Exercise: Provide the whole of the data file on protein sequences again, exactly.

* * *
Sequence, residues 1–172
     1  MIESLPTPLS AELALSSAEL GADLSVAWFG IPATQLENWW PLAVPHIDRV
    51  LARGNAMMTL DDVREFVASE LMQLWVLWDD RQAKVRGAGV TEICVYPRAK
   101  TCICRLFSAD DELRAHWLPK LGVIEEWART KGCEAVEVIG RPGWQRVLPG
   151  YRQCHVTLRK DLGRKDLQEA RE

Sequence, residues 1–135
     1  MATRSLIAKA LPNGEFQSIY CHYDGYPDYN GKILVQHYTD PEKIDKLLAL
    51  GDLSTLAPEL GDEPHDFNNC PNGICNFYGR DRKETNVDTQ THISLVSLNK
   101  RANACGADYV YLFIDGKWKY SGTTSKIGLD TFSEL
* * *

Sequence, residues 1–172
     1  MIESLPTPLS AELALSSAEL GADLSVAWFG IPATQLENWW PLAVPHIDRV
    51  LARGNAMMTL DDVREFVASE LMQLWVLWDD RQAKVRGAGV TEICVYPRAK
   101  TCICRLFSAD DELRAHWLPK LGVIEEWART KGCEAVEVIG RPGWQRVLPG
   151  YRQCHVTLRK DLGRKDLQEA RE

Sequence, residues 1–135
     1  MATRSLIAKA LPNGEFQSIY CHYDGYPDYN GKILVQHYTD PEKIDKLLAL
    51  GDLSTLAPEL GDEPHDFNNC PNGICNFYGR DRKETNVDTQ THISLVSLNK
   101  RANACGADYV YLFIDGKWKY SGTTSKIGLD TFSEL